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4221.0 - Schools, Australia, 2005  
Previous ISSUE Released at 11:30 AM (CANBERRA TIME) 23/02/2006   
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MAIN FEATURES

SCHOOLS

In August 2005, there were 9,623 schools in Australia, of which 6,929 (72.0%) were government schools and 2,694 (28.0%) were non-government schools.

In 2005 71.5% of all non-special schools were primary only, 15.9% were secondary only and 12.6% were combined primary/secondary schools. In 1995 these proportions were 73.7%, 16.6% and 9.7% respectively. Over the decade this equates to a decrease of 305 in the number of primary or secondary schools, and an increase of 266 in the number of combined primary/secondary schools.

STUDENTS

In 2005 there were 3,348,139 full-time school students. The proportion of these students attending government schools was 67.1%, down from 71.0% in 1995.

From 1995 to 2005, the number of full-time students attending government schools grew by 1.7% (from 2,207,853 to 2,246,087), while the number attending non-government schools increased by 22.2% (from 901,484 to 1,102,052).

There were 25,073 part-time school students in 2005, a decrease of 4.1% since 2004. The Northern Territory (NT) had the highest proportion of part-time students (3.0%), followed by South Australia (SA) with 2.7% and Tasmania (Tas.) with 2.3%.

In 2005 there were 135,097 Indigenous full-time school students, a 3.5% increase since 2004. Almost 58% of these students attended schools in New South Wales (NSW) or Queensland (Qld) in 2005. There were 3,427 Indigenous full-time students in Year 12, across all States and Territories, in 2005, compared to 2,620 five years earlier.

AGE PARTICIPATION RATES

At the Australian level, the age participation rates for full-time school students in 2005 were 94.7% for 15-year-olds, 82.6% for 16-year-olds and 63.5% for 17-year-olds, the latter rising from 58.6% in 1995.

Graph: participation rates of full-time students aged 17 years.

APPARENT RETENTION RATES

In 2005 the apparent retention rate of full-time school students from Year 7/8 to Year 12 was 75.3% compared to 75.7% in 2004 and 72.2% in 1995. As in previous years, the apparent retention rate for females (81.0%) was significantly higher than the rate for males (69.9%).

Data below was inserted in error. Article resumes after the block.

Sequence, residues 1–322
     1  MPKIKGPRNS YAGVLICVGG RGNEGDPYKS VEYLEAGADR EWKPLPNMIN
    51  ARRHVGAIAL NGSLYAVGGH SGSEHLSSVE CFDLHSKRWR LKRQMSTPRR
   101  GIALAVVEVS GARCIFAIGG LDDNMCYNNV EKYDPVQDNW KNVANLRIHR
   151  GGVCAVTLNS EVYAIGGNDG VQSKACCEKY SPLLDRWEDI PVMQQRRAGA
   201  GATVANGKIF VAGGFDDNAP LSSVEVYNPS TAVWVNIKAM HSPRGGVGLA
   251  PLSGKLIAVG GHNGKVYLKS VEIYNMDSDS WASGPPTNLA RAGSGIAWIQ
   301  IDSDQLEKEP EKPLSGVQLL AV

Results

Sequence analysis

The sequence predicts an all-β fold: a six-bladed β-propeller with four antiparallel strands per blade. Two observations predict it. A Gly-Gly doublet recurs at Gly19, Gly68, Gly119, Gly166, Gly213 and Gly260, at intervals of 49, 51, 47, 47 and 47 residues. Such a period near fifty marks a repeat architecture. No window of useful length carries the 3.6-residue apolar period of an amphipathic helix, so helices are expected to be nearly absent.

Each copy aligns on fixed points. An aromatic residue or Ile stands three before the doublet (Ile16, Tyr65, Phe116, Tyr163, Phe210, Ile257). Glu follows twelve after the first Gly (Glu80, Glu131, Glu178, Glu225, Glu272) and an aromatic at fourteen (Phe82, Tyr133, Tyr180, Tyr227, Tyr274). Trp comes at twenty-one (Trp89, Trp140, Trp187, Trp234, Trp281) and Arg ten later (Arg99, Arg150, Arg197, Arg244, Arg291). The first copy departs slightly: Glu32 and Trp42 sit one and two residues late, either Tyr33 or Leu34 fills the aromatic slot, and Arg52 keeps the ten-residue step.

Apparent retention from Year 10 to Year 12 is down 0.7 percentage points between 2004 and 2005, while over the last decade it has increased from 73.4% in 1995 to 76.5% in 2005. The Year 10 to Year 12 rate for females in 2005 was again considerably higher than that for males (81.6% and 71.5% respectively).

Apparent retention rates for Indigenous full-time school students, from Year 7/8 to both Year 10 and Year 12, have continued to rise over the last five years — the rate to Year 10 increased from 83.0% in 2000 to 88.3% in 2005, and the rate to Year 12 increased from 36.4% to 39.5%. These Indigenous retention rates are lower than the comparable rates for non-Indigenous students. In 2005, the rate to Year 10 for non-Indigenous school students was 98.6%, while the rate to Year 12 was 76.6%.

STAFF

There were 235,794 full-time equivalent (FTE) teaching staff in 2005, 156,564 at government schools and 79,231 at non-government schools. This was an overall increase of 1.2% from the previous year, and 16.5% (33,394) higher than in 1995.

The number of FTE teaching staff in government schools has increased by 8.9% since 1995 compared to 35.2% in the non-government sector. In the year to August 2005, government FTE school teacher numbers increased by 0.3% and non-government FTE school teacher numbers grew by 3.0%.

The proportion of FTE teaching staff who are female continues to rise — in 2005, 68.0% of all FTE teachers were female. The figure was 79.7% in primary schools and 56.0% in secondary schools. The comparable figures in 1995 were 64.2%, 76.1% and 52.3% respectively.

Overall, the average number of FTE primary school students per FTE teacher was 16.2. In government schools the average was 16.1 and in non-government schools it was 16.6. The equivalent figure for secondary schools was 12.2, with an average of 12.4 in government schools and 11.9 in non-government schools.


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